Much of the data on micronutrients and HIV and AIDS has been based on observational studies — but their findings are not always reliable. For one thing, it is difficult to assess micronutrient intake in these studies. “People don’t remember what they have been eating and they report it inaccurately,” said Friis. In addition, it is difficult to study just one micronutrient on its own because bioavailability may depend on intake of other nutrients. Also, biomarkers used to measure nutrient status in the blood are not always trustworthy when there is an infection in the patient.
As a result, there’s a potential for “bias and confounding that leads to spurious associations,” said Dr. Friis. As an example, he noted a vitamin study in Malawi a decade ago that caused considerable concern when it suggested that low serum retinal (a biomarker for vitamin A) was association with a higher rate of mother to child transmission (MTCT). This lead to a number of vitamin A supplementation studies that failed to show any positive affect on MTCT see below). Dr. Friis said there were a number of other possible explanations for the Malawi findings.
“We cannot base our recommendations on observational data,” said Dr. Friis. “Recommendations have to be based on randomised controlled trials that show cause and effect.” But there are some limitations even for randomised controlled trials when investigating the role of micronutrients in HIV and AIDS. For example:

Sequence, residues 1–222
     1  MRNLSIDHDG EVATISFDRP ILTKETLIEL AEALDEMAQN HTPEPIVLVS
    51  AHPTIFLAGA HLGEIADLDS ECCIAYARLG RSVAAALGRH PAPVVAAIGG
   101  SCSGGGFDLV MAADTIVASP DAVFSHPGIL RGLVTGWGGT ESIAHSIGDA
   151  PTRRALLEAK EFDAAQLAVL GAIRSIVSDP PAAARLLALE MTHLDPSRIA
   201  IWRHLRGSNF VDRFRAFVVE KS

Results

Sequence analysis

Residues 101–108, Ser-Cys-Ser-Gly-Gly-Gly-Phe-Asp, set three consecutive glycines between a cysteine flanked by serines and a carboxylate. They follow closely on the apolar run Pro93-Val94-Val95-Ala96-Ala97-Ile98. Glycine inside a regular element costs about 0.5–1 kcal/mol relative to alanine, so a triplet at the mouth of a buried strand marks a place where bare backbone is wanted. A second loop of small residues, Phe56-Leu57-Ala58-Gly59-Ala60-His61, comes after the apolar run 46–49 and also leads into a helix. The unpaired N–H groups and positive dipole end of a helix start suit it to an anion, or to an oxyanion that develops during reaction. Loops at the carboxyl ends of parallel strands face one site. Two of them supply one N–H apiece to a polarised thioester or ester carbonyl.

The effects of the intervention depends on background intake
- especially likely in those with low intake
The intervention may not be effective at fixing the deficiency
Micronutrient deficiencies co-exist
- the typical cereal-based diet consumed in resource-limited settings is low in several micronutrients
- infections increase requirement of several micronutrients
Micronutrients interact,for example:
- Intake of one reduces absorption of another: zinc-iron
- Intake of one increases excretion of another: zinc-copper
- Deficiency of one impairs metabolism of another:
- Copper deficiency leads to iron deficiency anaemia
- Zinc deficiency leads to vitamin A deficiency
- High intake of one changes requirements of another